The rubber mats are for a workout area in clients basement. What I didn't read was any suggestions. Do you think sealing the concrete would help??
Well then you didn't read my comments.
Post #3: "Get rid of the mats".

Quote:

Do you think sealing the concrete would help??
No! (Also answered in Post #3.)

inntcptr 12-23-2011 06:05 PM

rubber mats
 
Are the rubber mats wall to wall, or are they just under the exercise equipment ?

If they are just small area mats, I would get a liquid moisture barrier/ floor sealer, the paint on type. Cover the areas under the mats with the liquid moisture barrier/ floor sealer. When properly cured, I would cut carpet remnants to the same size as rubber mats. Put the carpet down first and lay rubber mats on top and replace equipment. Providing the mats are NOT wall to wall. You'll have a space between the mats and the concrete, also, the floor sealer will in sense deflect moisture around the mats. not sure if that makes any sense to you. Excess moisture will then dissipate in the ambient air in the room, keeping it from collecting directly under the mat. Ask me how I know !!! Had the exact same problem at my brothers house, the fix worked like a charm. And yes, you do have the hydraulics working against you in this case, in which you can't keep the moisture out of the area. But with this tactic you are letting it take the path of least resistance. So far, going on 3 years at my brothers house and no mold or moisture problems. Hope some of this was helpfull. Sorry it was so long and winded.

rusty baker 12-23-2011 06:45 PM

Concrete will cause moisture condensation. Just the nature of it.

jklingel 12-24-2011 12:21 AM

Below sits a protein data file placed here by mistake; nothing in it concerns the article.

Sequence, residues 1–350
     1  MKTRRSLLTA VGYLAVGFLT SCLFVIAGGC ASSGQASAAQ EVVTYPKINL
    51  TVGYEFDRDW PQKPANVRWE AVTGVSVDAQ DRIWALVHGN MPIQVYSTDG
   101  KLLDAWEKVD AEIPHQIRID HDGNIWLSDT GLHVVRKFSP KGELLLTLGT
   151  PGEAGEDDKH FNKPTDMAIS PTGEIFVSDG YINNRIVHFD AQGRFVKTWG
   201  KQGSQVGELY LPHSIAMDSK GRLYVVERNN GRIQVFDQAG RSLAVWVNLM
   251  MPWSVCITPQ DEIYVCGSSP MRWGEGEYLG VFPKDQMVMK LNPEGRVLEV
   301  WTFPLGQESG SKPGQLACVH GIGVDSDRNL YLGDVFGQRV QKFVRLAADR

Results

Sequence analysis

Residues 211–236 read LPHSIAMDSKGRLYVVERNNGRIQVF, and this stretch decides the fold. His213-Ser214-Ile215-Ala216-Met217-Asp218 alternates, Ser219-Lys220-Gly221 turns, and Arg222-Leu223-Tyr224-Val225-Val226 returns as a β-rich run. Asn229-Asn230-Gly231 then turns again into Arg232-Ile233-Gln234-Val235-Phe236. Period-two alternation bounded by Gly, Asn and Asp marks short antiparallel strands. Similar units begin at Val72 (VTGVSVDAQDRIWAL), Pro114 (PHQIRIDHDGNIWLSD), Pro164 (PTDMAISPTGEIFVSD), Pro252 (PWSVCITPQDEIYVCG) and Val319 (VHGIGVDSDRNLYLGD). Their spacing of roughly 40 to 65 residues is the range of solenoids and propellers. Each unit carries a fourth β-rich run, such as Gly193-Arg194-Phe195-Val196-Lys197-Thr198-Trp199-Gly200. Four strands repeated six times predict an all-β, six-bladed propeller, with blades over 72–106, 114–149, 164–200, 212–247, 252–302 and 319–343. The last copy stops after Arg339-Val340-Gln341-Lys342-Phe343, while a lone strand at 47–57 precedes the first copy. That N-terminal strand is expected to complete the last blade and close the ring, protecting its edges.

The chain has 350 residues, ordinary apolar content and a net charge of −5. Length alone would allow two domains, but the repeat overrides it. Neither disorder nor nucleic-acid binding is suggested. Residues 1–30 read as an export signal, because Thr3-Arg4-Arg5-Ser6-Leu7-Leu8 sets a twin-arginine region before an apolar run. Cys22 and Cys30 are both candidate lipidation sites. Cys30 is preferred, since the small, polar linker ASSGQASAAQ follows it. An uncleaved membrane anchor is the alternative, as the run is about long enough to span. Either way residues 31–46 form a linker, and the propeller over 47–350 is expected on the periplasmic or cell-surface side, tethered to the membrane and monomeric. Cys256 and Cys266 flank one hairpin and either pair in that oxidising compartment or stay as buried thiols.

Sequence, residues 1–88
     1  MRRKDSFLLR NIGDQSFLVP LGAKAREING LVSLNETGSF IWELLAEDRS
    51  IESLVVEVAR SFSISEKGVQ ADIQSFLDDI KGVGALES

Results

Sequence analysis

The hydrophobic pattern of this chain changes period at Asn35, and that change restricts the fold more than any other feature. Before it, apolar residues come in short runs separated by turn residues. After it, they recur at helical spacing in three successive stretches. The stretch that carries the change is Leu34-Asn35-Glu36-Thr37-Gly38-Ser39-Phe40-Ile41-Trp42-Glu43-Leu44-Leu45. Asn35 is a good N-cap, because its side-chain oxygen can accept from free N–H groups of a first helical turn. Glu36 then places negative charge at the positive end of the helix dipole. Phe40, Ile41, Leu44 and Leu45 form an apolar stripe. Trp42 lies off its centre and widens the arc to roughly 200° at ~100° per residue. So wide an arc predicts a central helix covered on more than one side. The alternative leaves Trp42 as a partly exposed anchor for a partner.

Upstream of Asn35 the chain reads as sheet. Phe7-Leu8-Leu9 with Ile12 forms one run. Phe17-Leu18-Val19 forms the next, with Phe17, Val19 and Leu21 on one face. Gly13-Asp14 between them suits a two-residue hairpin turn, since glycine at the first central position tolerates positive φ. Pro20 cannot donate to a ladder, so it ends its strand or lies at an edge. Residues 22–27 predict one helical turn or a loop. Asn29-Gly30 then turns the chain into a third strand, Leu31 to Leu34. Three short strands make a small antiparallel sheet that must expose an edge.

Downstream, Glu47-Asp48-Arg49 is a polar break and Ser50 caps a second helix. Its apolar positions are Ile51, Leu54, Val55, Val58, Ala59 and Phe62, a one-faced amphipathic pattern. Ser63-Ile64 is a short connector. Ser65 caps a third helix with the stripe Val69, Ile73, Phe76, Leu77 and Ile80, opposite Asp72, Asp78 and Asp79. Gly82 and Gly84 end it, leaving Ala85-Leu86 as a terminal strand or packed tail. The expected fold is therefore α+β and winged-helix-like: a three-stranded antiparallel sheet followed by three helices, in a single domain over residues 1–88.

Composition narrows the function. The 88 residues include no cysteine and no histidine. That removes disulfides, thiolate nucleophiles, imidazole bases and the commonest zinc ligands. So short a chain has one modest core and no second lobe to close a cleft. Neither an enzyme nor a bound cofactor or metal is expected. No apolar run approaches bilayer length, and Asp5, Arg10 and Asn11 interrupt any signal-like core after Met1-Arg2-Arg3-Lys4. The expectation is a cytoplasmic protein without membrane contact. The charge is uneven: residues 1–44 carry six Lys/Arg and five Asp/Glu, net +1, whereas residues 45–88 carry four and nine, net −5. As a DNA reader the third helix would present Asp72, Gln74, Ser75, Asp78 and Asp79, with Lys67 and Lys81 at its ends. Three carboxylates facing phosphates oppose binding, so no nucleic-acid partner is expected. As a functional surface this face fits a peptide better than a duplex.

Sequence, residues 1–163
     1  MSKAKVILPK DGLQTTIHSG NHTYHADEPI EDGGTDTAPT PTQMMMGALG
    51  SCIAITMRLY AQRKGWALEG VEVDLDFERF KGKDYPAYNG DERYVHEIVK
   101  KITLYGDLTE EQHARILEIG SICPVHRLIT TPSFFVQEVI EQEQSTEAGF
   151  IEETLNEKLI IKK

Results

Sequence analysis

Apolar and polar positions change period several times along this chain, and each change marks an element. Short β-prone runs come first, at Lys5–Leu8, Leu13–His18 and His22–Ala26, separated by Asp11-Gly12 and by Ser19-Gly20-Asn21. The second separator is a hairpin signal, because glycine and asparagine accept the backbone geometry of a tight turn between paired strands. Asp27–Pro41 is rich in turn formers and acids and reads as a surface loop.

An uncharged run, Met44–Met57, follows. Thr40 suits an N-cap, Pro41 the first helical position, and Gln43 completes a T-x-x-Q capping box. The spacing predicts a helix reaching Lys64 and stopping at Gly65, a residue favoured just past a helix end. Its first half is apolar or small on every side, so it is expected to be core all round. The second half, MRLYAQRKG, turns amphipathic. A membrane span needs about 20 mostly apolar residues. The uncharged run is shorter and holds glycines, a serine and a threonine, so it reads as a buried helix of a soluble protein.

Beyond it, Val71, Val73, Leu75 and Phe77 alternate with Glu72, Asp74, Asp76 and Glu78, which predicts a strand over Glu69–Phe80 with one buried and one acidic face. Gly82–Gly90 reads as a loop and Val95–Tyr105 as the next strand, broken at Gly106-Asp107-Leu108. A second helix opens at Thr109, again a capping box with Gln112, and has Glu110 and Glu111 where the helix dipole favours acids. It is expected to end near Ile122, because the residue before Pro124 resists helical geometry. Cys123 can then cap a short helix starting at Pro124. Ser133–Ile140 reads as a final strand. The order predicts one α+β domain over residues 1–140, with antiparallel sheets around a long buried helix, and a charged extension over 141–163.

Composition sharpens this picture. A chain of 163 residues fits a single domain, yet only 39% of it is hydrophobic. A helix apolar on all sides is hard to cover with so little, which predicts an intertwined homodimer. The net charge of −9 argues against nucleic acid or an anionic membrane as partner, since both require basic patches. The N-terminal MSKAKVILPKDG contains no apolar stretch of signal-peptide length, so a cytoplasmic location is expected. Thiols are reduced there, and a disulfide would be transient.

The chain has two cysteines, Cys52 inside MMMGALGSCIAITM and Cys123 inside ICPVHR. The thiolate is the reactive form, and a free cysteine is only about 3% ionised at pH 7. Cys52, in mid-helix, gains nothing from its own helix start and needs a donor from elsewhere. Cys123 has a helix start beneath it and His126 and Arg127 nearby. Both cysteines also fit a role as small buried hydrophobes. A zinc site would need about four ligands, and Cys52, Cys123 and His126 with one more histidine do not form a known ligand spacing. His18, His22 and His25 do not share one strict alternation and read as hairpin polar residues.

Quote:

Originally Posted by rusty baker (Post 801465)
Concrete will cause moisture condensation. Just the nature of it.

Only COLD concrete. If the moisture barrier was properly done and if the floor were warm, I doubt there'd be any discussion here (assuming relative humidity was in the appropriate range). Yes, rugs are another way to elevate the mats. If the water is wicking in from below, (moisture barrier really isn't one) then there is going to be a fight.

Maintenance 6 12-24-2011 08:17 AM

If the moisture is coming up through the concrete, then a membrane type coating will blister and lift with the vapor pressure. Some method to allow air flow under the mats along with a dehumidifier would be more effective.

Bud Cline 12-24-2011 11:55 AM

Quote:

Only COLD concrete. If the moisture barrier was properly done and if the floor were warm, I doubt there'd be any discussion here
Do ya think ?

gregzoll 12-24-2011 12:37 PM

No one has asked this. What is the humidity level in the basement, along with temp? I bet if you place a dehumidifier in the basement, and make sure that the room has a feed and return for the hvac system, bet that mold will disappear. Get the humidity level down there below 55%. It is okay for it to peak for a little bit into the low 60's, but should never stay that high or higher in the house. 40-55 percent is what the house should be at for humidity level. As for air temp, I personally keep my home around 69, which is comfortable for us, basement stays about six degrees lower.